Main image of article Uber Slows Hiring in Response to Market Pressures, Cash Flow

Uber is the latest tech giant to slow its hiring in response to current market pressures. That slowdown is part of a larger push to cut costs, and comes even as the company’s core ride-sharing business rebounds from its pandemic lows.  

“We will treat hiring as a privilege and be deliberate about when and where we add headcount,” Uber CEO Dara Khosrowshahi wrote in a recent email to employees, according to CNBC (which posted the full text). “We will be even more hardcore about costs across the board.”

Khosrowshahi wrote the email after “several days” of investor meetings in New York and Boston. “It’s clear that the market is experiencing a seismic shift and we need to react accordingly,” he wrote. Uber’s investors are all about free cash flow, which means the company needs to see stronger results around not only ride-sharing, but also newer businesses such as Freight and Delivery.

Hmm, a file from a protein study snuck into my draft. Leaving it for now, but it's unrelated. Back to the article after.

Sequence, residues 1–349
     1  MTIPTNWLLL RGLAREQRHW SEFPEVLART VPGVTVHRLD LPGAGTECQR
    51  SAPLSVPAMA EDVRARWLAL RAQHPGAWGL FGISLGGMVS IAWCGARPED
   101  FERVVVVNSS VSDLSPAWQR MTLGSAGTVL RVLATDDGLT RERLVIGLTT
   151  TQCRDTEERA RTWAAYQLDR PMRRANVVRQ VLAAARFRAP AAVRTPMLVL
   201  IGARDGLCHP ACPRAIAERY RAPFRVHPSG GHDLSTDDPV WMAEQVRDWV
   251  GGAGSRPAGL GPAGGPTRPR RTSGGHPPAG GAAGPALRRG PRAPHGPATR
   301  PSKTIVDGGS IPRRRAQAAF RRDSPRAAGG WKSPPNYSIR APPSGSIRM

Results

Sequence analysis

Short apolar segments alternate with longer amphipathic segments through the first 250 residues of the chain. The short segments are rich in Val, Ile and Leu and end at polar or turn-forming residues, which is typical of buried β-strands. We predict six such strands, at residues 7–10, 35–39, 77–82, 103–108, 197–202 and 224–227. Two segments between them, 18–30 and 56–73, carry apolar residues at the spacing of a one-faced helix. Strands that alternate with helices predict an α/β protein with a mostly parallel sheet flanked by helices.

The cost of generating that cash won’t be cheap. “The hurdle rate for our investments has gotten higher, and that means that some initiatives that require substantial capital will be slowed,” Khosrowshahi added. “We have to make sure our unit economics work before we go big. The least efficient marketing and incentive spend will be pulled back.”

Uber isn’t the only tech company undergoing this kind of strategy shift. According to Business Insider, Meta (formerly Facebook) CFO David Wehner has instituted a hiring freeze through the end of the year; an internal memo blamed the move on Apple’s stringent data-privacy rules, the war in Ukraine, and other tech-industry pressures. Popular fintech app Robinhood also announced layoffs, which it blamed on rapid growth

It's important to keep in mind, however, that the tech unemployment rate stood at 1.7 percent in April, just a slight uptick from 1.4 percent in March. Employers everywhere remain hungry for all kinds of tech talent; according to CompTIA’s analysis of the latest U.S. Bureau of Labor Statistics (BLS) data, demand has been particularly strong for software developers and engineers (which accounted for 30 percent of all job postings), along with IT project managers, IT support specialists, systems engineers and architects, and network engineers and architects.